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 by Lisa Albergo reporting for AFANA from Chicago

Just days after Dean Robinson's televised interview, small St Kilda forward Ahmed Saad was informed that he returned a positive test for a banned substance. Saad, who said he was "surprised and extremely disappointed", is believed to have ingested a supplement which contains a stimulant banned only on match days. Otherwise its use is permitted.

Saad is under investigation by the League and could face up to a two year suspension. Although the AFL has accepted that Saad took the substance in error, he can still be charged and be required to face a special Tribunal hearing. Under the rules, he could receive a reduced sentence under a no-fault clause in the international anti-doping rules if he can prove he mistakenly ingested the substance. However anti-doping authorities can overrule any sentence the Tribunal decides upon should they determine it to be inappropriate. The odds are against Saad with several past players receiving stiff sentences.

In 1997 Richmond's Justin Charles was the first AFL player to be suspended for taking banned drugs. He tested positive and admitted to taking an anabolic steroid in an effort to overcome persistent injuries. He was suspended for 16 weeks in August, returned the following season but played just two more games before retiring due to his injury problems.

In 2010 Hawthorn's Travis Tuck was found unconscious in his car and in possession of drugs. He admitted to taking the drugs but also came out to admit he suffered from depression. It was Tuck's third strike and he was banned for 12 weeks. He was delisted at the end of the year.

In 2011 former Richmond player Travis Casserly was banned for two years after testing positive for pseudoephedrine. Casserly was playing in the WAFL at the time after being delisted by Richmond at the end of 2009. He said he had been taking Sudafed tablets off and on for a number of years to combat allergies. Even though he and his club Swan Districts said they had always informed ASADA when Casserly took the over the counter medication or was tested, the ban stood. It ended his hope of being redrafted by Richmond, with whom he had been training again. Casserly had originally been drafted by the Tigers in 2005 but never managed a senior game. After being delisted, he crossed to the WAFL and played in the Districts 2011 Premiership. He took a Sudafed before the match and one at half time for hay fever.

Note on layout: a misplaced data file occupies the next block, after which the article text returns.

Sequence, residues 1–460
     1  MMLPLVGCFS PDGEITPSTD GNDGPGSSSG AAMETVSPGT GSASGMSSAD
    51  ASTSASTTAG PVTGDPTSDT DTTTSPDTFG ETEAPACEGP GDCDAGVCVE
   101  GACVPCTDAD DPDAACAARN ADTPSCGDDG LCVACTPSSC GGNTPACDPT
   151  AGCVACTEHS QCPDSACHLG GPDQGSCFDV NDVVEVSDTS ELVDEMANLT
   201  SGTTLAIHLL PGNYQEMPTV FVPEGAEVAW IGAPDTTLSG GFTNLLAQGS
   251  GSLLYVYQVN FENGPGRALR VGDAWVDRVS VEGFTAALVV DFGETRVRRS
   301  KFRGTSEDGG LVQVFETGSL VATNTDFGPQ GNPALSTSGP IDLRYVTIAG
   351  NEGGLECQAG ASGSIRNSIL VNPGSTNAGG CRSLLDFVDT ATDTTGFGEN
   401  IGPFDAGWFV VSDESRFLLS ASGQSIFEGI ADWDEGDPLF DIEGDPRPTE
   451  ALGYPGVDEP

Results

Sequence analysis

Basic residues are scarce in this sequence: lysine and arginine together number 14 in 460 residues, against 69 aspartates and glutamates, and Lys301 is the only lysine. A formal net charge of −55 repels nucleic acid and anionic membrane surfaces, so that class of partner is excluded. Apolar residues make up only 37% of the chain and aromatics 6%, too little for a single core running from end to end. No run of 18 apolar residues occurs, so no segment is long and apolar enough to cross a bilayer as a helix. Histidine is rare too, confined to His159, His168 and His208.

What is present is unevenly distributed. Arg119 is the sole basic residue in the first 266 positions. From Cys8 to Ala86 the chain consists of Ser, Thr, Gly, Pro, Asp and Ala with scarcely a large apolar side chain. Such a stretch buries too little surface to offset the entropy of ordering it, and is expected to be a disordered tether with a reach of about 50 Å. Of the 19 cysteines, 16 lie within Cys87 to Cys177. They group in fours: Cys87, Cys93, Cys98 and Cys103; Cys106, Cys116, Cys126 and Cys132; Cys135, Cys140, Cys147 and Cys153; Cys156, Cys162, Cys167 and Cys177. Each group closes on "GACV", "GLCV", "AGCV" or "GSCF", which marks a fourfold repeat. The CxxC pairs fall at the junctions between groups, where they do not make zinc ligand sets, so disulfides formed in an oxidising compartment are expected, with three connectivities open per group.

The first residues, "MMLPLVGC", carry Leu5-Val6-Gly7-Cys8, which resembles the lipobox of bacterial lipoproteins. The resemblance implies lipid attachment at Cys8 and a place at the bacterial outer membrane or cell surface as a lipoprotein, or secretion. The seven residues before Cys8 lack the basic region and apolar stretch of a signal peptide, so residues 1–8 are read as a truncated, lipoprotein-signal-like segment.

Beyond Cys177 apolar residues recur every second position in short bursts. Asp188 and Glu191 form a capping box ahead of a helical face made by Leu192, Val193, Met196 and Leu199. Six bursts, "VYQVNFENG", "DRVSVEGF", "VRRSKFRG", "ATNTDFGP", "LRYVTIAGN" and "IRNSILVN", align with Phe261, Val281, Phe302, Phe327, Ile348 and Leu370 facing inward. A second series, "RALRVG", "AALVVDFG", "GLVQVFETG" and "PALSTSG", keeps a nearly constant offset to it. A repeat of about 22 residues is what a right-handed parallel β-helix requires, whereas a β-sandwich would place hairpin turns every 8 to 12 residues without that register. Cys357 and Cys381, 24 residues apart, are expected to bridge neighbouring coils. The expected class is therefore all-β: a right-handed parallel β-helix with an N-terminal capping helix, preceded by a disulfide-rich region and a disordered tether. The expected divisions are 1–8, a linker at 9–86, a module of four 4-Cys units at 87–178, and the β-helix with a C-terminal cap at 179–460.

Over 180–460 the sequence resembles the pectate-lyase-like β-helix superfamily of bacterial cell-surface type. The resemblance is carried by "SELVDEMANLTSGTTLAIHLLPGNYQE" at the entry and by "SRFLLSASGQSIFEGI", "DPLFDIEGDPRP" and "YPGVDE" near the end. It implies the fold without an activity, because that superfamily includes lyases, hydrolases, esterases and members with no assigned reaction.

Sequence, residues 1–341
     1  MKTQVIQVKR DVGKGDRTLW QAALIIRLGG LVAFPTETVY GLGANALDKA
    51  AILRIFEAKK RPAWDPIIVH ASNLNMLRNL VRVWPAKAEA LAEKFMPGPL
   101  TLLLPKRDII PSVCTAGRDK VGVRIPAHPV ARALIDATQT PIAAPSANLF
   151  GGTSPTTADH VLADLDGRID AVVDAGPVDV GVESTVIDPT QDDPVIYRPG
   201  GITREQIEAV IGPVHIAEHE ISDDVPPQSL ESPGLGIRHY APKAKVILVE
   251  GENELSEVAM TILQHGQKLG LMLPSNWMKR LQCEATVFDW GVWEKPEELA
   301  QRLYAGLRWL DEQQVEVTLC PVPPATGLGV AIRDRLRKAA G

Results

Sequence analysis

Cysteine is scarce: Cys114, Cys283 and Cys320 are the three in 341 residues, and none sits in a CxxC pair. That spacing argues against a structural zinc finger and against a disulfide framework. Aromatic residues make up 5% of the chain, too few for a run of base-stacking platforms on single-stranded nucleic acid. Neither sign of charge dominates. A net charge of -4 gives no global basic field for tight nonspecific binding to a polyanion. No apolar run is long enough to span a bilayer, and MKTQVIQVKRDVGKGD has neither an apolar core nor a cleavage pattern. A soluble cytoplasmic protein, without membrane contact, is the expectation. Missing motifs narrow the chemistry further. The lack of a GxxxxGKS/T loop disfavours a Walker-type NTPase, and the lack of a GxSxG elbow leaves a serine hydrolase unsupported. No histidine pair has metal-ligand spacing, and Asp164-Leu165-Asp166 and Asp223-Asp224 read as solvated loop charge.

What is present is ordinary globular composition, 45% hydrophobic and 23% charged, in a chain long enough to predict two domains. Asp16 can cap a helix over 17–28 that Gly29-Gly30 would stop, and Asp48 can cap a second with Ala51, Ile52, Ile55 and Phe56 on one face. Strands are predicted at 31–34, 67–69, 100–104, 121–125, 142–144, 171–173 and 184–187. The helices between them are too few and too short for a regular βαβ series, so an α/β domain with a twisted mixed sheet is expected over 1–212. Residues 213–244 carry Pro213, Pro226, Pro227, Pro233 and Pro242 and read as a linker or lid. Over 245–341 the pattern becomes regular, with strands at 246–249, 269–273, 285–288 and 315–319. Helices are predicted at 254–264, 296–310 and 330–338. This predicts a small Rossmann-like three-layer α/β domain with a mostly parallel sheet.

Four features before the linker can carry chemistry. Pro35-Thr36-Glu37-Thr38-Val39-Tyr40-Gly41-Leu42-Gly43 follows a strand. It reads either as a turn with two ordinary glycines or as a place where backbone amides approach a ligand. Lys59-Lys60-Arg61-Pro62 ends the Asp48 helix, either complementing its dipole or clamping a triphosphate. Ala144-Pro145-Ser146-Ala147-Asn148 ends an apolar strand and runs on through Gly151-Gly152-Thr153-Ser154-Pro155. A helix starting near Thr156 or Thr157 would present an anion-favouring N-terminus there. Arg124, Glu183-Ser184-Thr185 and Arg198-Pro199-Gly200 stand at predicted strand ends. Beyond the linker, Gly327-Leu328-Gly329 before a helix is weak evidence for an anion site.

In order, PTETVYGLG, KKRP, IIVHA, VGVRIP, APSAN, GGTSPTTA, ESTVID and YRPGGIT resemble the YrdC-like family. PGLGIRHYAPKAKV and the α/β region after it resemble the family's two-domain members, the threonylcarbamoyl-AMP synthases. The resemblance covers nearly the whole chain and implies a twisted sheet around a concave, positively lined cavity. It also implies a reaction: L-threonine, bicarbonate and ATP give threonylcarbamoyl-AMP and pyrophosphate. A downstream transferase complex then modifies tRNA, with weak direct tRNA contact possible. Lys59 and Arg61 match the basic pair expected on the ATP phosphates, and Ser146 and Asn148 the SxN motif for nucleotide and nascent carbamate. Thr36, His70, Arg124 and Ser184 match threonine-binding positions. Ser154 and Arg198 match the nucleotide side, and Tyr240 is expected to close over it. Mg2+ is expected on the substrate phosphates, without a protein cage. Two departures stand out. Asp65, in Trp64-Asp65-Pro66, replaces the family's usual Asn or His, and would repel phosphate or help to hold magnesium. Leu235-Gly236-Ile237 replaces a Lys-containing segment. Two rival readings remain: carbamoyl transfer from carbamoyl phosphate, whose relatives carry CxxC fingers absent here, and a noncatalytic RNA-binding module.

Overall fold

VFL player Matthew Clark was also suspended for two years in 2011 after testing positive for the banned substance dimethylamylamine . The original sentence of nine months was extended to two years after ASADA appealed the penalty's leniency. The reasoning was that Clark had accepted a pregame drink, Hemo Rage, from a Frankston teammate. Clark has always maintained that his teammate assured him it was okay under the rules. Clark, who admitted to being angry at ASADA over the decision, has said the anti-doping authority needed to do more to help athletes and educate them about what is legal or illegal, especially energy drinks. He has already spoken to a number of fellow VFL players facing similar bans. Clark contends there was no way of knowing the drink he was given contained a banned substance, saying it was listed 27th out of 54 complex ingredients. He said "It's pretty hard to look up 50 ingredients to find if one of them is illegal." He also said one of his teammates told him it was akin to Powerade and that many of teammates were also drinking it. "When someone hands you something people have taken the whole year you don't think about it ... A lot of blokes are making the same mistake ... Instead of having a banned list, why not ... a list of what is legal? ... you can ... look at that list and find products which are legal to use ... ASADA needs to do more to educate these kids."

Clark had some advice for Saad - to stick close to his friends and they should stick by him. He said having his mates support him was important and he is doing the same for players going through the same ordeal, including one who took it before a training session and then tested positive on game day.

It seems the AFLPA is on Clark's side regarding the dispensing of information on what is or is not legal. According to Association player relations manager Ian Prendergast, there needs to be more clarity from ASADA. He said "We would welcome any improvements to education and user-friendly information for athletes". Prendergast would not say whether he was aware of footballers being reluctant to approach ASADA with questions, but reportedly there are athletes who are fearful that any questions asked of ASADA could lead to target testing.

The call to improve the system is also backed by former VFL player and current senator Richard Di Natale who says the current telephone and online advisory service was sometimes confusing and legalistic. Both Natale and Prendergast believe there needs to be a more user-friendly service.

Natale also said ASADA's dual role of policing suspect activity as well as acting as an adviser and educator to sportspeople was fundamentally flawed. The senator, who is also a doctor and drug counselor, echoed Prendergast in saying some sporting figures had been cautious about, and even deterred, from approaching ASADA, fearing a poor reflection on their clubs and potentially incriminating individuals.

Source: theage.com.au, heraldsun.com.au, perthnow.com.au, AFL Record Season Guide, Encyclopedia of League Footballers

Article last changed on Friday, August 09, 2013 - 7:48 PM EDT


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